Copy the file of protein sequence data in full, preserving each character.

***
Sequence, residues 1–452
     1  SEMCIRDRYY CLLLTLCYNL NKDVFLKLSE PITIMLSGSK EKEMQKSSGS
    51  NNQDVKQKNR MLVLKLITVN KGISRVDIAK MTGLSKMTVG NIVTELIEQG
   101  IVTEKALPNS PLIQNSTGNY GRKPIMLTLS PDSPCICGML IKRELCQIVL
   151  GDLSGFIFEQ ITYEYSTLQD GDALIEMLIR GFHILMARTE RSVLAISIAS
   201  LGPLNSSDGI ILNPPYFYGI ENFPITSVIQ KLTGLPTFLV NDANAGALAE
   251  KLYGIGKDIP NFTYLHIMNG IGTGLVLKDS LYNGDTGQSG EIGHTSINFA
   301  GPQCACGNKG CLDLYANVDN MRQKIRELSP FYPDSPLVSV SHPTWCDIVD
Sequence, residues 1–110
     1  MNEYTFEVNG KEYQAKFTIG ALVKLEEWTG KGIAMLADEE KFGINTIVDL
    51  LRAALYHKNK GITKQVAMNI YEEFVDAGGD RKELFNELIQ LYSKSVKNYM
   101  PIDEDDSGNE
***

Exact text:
Sequence, residues 1–452
     1  SEMCIRDRYY CLLLTLCYNL NKDVFLKLSE PITIMLSGSK EKEMQKSSGS
    51  NNQDVKQKNR MLVLKLITVN KGISRVDIAK MTGLSKMTVG NIVTELIEQG
   101  IVTEKALPNS PLIQNSTGNY GRKPIMLTLS PDSPCICGML IKRELCQIVL
   151  GDLSGFIFEQ ITYEYSTLQD GDALIEMLIR GFHILMARTE RSVLAISIAS
   201  LGPLNSSDGI ILNPPYFYGI ENFPITSVIQ KLTGLPTFLV NDANAGALAE
   251  KLYGIGKDIP NFTYLHIMNG IGTGLVLKDS LYNGDTGQSG EIGHTSINFA
   301  GPQCACGNKG CLDLYANVDN MRQKIRELSP FYPDSPLVSV SHPTWCDIVD
Sequence, residues 1–110
     1  MNEYTFEVNG KEYQAKFTIG ALVKLEEWTG KGIAMLADEE KFGINTIVDL
    51  LRAALYHKNK GITKQVAMNI YEEFVDAGGD RKELFNELIQ LYSKSVKNYM
   101  PIDEDDSGNE